Abu Dhabi: It’s been known that the coast of the UAE contains an abundance of coral reefs, but one of the main issues has been not knowing their location.
The undiscovered coral reefs in the UAE’s waters led to a project in order to locate and be able to map them, allowing scientists to understand and learn more about the UAE’s coral reefs. The mapping project was undertaken by the Ministry of Environment and Water, involving John A. Burt of New York University Abu Dhabi.
Speaking at a conference on coral reefs in Arabia, held at NYUAD, Professor Burt discussed the mapping project and the methods used to map the undiscovered reefs, “We don’t know where a lot of the reefs are, and we also don’t know the conditions of a lot of these reefs, with many of these reefs probably undergoing substantial changes which we don’t know much about. So the purpose of this [project] was to go out there and make a study to map reefs in the UAE, focusing more on the northern emirates, because we do have quite considerable information on Dubai and Abu Dhabi.”
“We did this by using satellite imagery in some cases, or we went out and looked at areas that were mapped by our satellite imagery that we brought identifying bottom features, and then going out doing ground trooping. We did this mainly by scuba diving and also by snorkelling. A whole lot of work was also done by using drop down video, so just trawling large parts of the seabed dragging the video.”
Large undiscovered coral reef areas were found in the seas off Sharjah, Ajman, and Umm Al Quwain, with 151 sites in total, and 60 of those sites having been previously unreported as containing coral reefs, according to Professor Burt. He said that in terms of the status of the coral reefs, many showed signs of degradation, while also containing several living species.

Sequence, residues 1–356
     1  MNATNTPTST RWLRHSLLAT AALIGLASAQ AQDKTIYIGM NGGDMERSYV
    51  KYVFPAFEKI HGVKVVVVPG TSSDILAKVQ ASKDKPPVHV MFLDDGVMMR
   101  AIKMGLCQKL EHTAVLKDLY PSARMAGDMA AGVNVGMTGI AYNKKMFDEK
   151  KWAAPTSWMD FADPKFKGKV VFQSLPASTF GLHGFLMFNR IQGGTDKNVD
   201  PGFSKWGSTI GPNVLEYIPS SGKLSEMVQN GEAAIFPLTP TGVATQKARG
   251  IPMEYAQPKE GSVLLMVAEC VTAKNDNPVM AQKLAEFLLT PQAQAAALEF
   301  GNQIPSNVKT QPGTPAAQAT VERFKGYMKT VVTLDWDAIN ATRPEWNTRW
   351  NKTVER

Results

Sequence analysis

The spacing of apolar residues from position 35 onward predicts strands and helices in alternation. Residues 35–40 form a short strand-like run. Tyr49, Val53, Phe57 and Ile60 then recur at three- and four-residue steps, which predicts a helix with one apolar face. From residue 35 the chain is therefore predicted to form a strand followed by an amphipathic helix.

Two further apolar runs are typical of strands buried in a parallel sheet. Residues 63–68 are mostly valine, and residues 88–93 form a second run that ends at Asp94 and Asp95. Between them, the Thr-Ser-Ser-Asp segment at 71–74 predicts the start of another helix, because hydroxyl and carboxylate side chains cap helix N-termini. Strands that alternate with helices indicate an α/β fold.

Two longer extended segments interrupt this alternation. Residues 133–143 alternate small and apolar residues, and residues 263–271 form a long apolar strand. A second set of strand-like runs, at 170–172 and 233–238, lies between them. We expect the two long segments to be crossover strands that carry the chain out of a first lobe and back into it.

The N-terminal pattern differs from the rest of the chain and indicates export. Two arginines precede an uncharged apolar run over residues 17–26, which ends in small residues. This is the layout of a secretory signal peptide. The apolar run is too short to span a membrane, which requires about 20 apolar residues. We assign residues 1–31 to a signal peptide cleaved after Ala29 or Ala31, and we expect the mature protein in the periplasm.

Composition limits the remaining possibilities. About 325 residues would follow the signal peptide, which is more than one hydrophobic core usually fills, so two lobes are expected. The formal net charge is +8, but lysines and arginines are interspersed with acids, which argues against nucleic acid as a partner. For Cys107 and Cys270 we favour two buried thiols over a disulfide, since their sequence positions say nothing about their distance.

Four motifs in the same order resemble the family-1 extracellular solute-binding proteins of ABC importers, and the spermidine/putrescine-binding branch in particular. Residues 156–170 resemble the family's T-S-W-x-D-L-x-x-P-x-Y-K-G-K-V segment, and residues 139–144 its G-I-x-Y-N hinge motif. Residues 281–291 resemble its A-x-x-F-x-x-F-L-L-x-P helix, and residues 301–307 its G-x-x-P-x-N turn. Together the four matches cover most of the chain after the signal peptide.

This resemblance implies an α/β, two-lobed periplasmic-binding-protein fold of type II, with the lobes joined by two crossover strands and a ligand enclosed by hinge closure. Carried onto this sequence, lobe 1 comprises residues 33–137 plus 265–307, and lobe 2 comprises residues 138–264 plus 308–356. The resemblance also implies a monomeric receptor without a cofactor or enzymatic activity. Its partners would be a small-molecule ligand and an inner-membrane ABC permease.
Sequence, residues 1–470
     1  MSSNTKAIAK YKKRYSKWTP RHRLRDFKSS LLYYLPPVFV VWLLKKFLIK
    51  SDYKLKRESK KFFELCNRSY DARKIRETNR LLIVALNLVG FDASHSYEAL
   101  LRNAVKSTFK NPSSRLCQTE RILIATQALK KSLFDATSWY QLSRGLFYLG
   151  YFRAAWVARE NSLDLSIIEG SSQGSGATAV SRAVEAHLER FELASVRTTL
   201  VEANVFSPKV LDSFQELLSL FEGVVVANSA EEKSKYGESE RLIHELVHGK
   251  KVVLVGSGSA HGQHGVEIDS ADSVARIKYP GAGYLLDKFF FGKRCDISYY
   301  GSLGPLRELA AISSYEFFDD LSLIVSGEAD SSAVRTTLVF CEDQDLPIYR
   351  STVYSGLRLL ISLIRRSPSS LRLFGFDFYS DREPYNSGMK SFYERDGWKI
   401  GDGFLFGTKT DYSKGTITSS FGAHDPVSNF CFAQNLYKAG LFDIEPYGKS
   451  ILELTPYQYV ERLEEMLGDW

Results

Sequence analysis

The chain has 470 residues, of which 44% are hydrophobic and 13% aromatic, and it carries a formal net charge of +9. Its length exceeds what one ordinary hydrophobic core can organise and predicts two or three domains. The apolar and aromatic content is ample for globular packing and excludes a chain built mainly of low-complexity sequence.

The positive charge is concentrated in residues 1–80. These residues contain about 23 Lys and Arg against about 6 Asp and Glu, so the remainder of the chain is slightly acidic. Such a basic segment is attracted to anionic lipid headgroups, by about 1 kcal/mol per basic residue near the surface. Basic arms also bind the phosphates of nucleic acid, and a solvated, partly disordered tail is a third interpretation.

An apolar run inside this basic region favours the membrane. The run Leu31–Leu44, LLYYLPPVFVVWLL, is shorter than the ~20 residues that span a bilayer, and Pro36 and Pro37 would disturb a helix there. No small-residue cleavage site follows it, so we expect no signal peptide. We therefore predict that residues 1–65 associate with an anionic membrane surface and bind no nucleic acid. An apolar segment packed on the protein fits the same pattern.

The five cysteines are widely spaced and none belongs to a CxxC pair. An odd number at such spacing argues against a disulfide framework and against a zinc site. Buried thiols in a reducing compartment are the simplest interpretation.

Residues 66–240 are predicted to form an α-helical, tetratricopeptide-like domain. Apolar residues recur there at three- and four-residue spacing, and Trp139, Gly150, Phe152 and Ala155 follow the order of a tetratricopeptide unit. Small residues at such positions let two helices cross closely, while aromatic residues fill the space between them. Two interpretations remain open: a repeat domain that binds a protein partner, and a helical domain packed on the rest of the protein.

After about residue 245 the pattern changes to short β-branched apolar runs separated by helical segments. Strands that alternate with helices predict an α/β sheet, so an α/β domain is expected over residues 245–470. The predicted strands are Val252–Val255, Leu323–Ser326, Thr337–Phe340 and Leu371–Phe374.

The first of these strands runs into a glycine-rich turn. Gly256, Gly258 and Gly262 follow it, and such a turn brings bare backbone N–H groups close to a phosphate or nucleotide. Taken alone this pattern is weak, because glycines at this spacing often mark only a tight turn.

“The status of these coral reefs that we looked at in detail were arranged from the west to the east, from the border of Qatar all the way over to Ras Al Khaimah. For the most part, in the Western Region of Abu Dhabi there’s fairly low coral cover. As you get into Dubai you start seeing significant coral covers on manmade breakwaters and not just on the natural reefs. In terms of coral species richness, not surprisingly, as you go from west to east you see a rise in diversity and this really reflects the environmental conditions.”
In his concluding remarks Professor Burt stated that mapping of undiscovered coral reef areas showed that the UAE contains an abundance of coral, though with many of these suffer from a lot of degradation, mainly due to natural events rather than manmade. He recommended conservation efforts in order to protect the newly discovered coral reef areas that had not been largely degraded and contained large amounts of coral, and also recommended better support networks to help start the recovery process for damaged corals.
The coral reefs in Arabia conference gathered scientists from around the world to discuss the issue of corals in the region, and will run for three days coming to a close on Tuesday. Previous studies conducted discovered the uniqueness behind the coral reefs of Arabia, with the corals in the region able to survive and adapt to warm temperature waters that corals elsewhere around the world would die in.
Sami Zaatari is a trainee at Gulf News